The cloud can be as simple or as in-depth as you like.
When we talk about the cloud, we’re simply talking about accessing resources from a location that is not within our own data-center. It’s a concept that’s been around for a long time and has only grown exponentially as data speeds increase and the demand for instant technology resources grow. So maybe it’s something you’ve been investigating for a while or maybe you’re just starting to look into it and need to be sold on why you should look further into cloud?
I think the benefits can go a lot further than just saving time and money. My position has me reviewing environments and examining business solutions every day, and it’s with that knowledge base that I’ve put together a list for you to chew on:
Five reasons you should seriously consider a Cloud deployment:
Ok, so here you are one day at work and your sites traffic is spiking. Your server resources are constraining and causing issues affecting your business. You diagnose that the issue could be due to your entire RAM being consumed, you’ve run out of hard drive space, or maybe your CPU utilization is at its max. If these resources aren’t on hand at your site, we probably have a problem.
Maybe your local vendor doesn’t have stock available for what you specifically need. What if your aged hardware no longer has additional room to accommodate the new parts? This could quickly spiral into an unwanted headache and five hours running around the data-center trying to think of temporary solutions and making phone calls, while the rest of the company holds their breath, expecting a five minute resolution.
With Cloud, most of this can be prevented.
Let’s discuss these first hurdles and their resolution in a cloud environment. Simply call your provider and ask them to add on what you need, whether that’s VPUs, RAM, VMs, or storage. I’ve seen requests completed as quickly as 10 minutes. No more waiting for the hardware to come in, then installing it, or worrying about freed up DIMM slots, bays, etc. The best part – your boss and the C-levels are happy because the business didn’t have to come to a screeching halt. No one likes to be in that position especially if you’re already bantering back and forth with crap support.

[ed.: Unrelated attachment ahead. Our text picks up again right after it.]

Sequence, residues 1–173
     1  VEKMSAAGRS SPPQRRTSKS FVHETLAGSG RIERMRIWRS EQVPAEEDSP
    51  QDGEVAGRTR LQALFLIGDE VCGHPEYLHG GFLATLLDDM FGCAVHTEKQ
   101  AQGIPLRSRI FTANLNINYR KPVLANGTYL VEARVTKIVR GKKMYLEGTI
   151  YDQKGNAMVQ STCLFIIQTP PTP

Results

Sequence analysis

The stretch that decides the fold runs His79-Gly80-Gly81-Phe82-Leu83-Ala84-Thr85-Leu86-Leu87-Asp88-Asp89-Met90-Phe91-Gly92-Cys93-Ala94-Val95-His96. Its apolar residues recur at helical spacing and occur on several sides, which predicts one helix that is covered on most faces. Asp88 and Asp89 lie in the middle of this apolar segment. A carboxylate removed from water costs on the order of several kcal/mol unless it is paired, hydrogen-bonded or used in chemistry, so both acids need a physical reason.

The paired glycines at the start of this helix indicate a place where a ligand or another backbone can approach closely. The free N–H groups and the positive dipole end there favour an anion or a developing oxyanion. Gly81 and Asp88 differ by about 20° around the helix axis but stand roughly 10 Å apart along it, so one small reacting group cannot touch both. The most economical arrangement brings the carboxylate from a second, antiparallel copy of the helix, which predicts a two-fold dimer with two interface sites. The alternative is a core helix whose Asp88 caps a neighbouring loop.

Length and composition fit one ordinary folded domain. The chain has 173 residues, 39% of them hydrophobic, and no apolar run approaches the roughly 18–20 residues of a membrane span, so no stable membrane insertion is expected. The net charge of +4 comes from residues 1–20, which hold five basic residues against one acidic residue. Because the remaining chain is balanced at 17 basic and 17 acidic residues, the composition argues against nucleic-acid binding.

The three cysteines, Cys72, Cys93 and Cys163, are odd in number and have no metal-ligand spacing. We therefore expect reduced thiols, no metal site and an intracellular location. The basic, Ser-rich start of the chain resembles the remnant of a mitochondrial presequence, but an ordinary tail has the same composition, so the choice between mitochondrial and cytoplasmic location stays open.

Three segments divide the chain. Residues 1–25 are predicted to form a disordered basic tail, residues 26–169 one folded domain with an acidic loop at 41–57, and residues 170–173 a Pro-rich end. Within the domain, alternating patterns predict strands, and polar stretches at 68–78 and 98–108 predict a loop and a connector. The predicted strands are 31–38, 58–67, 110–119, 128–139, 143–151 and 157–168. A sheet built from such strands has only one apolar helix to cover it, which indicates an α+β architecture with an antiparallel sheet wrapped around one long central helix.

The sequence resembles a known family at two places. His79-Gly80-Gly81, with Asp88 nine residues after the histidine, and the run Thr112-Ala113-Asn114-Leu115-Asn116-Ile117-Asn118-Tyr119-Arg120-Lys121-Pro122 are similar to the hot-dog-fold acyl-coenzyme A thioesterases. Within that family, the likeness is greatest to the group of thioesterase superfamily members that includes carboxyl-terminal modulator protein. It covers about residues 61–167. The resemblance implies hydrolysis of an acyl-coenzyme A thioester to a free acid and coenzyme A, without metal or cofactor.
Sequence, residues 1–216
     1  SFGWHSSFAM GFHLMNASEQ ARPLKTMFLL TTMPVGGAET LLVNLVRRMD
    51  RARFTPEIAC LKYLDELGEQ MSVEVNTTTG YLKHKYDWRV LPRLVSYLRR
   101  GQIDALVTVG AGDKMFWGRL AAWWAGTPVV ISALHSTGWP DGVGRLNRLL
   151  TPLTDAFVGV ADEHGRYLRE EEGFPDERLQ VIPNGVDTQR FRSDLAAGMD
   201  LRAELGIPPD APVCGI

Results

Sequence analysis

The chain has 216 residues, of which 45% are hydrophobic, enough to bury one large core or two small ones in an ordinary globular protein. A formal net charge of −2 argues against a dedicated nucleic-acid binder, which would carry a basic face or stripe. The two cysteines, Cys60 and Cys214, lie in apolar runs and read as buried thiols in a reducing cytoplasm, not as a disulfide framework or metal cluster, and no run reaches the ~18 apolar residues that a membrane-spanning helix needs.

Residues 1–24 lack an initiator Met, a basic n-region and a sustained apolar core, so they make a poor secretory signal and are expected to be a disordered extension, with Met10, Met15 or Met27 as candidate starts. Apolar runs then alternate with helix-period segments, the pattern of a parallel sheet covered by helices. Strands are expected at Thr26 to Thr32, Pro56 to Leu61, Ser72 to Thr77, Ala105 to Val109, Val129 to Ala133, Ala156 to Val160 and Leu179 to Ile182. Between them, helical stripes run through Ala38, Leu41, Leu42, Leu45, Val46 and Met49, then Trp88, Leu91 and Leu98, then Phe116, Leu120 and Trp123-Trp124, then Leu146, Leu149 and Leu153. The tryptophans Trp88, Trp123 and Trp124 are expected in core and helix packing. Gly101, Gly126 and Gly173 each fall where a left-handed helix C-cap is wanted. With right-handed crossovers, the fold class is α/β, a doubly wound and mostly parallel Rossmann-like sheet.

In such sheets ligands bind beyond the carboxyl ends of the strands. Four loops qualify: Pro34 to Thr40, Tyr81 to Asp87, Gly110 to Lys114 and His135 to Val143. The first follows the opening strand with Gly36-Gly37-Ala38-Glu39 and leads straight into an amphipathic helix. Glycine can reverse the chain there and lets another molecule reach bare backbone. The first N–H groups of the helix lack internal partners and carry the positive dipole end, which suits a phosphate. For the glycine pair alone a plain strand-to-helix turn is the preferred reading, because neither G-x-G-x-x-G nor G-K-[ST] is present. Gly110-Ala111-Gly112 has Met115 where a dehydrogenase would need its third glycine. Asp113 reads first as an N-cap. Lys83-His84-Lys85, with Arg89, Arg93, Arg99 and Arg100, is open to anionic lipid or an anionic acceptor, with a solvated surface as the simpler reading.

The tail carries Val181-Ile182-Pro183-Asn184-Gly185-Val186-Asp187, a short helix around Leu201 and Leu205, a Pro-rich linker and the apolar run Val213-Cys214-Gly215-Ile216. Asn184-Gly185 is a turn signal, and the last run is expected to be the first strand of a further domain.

2. Disaster Recovery
Ahh, Disaster Recovery, one of my favorite topics. Everybody wants it, but most don’t have it – or at least a plan of some sort. When talking with IT Professionals, I primarily hear about people backing up to tapes, backing up to disk and then throwing it in their car, or having a 3rd party pick it up from their location for safe keeping, etc. All of these are certainly a good step of, at least, having a DR plan. But, what I’ve also found is that the C-Levels or Management team are on a totally different page from their IT guy when it comes to RPO and RTO.
RPO stands for Recovery Point Objective. Essentially, if we had a disaster, at what point in time could we recover to? So, you ask yourself, “Is 15 minutes, 1 hour, 8 hours, 24 hours, or more acceptable for data loss?” RTO is Recovery Time Objective and this primarily translates to how long we can be down-inoperable-all systems gone-no money flowing. You get the point.
Typically when it comes to designing your disaster recovery plan, choosing the hosting provider is NOT the first step. Your internal investigations are key, and it starts with asking one question to the main guy. “What is our acceptable RTO and RPO?”
The reason why I say “acceptable” is because typically we always want the best! Don’t be too quick to jump to a 0-15 minute fail-over or 0-15 minutes data loss, because it will come with a large price tag. But hey, in some cases/industries, that is the requirement and no more downtime than that can be accepted. We’re all affected in different ways, whether were in Banking, Healthcare, Manufacturing, or a small business. Either way, management will typically know the acceptable amount time/data before the company is in danger. All in all, it’s vital to have the conversation and set expectations instead of waiting until it happens.
One VERY cool thing about cloud is that you can use it as your second destination. So, not only are we going to reap the benefits of Cloud Computing , but we can use it in conjunction with our in-house solution. When it comes to Disaster Recovery, there’s a lot to think about. If you’d like to learn more on this area, you can check out our latest Disaster Recovery Fpwebinar video.
3. Decreased Maintenance Overhead
Where do we begin? As an IT Professional, you probably manage just about everything. You are the one wearing all the hats. So, let’s talk from a high-level and break down those hats and see which components in the infrastructure can be offloaded with Cloud.
To spin-up a virtual machine in the on-premises world, here’s a sample of what we’ll need:
- A host
- Support plan on the host
- Support plan on the software
- Security Software
- Support plan for the software
- The software you’re installing
- Support plan for the software
- Backup solution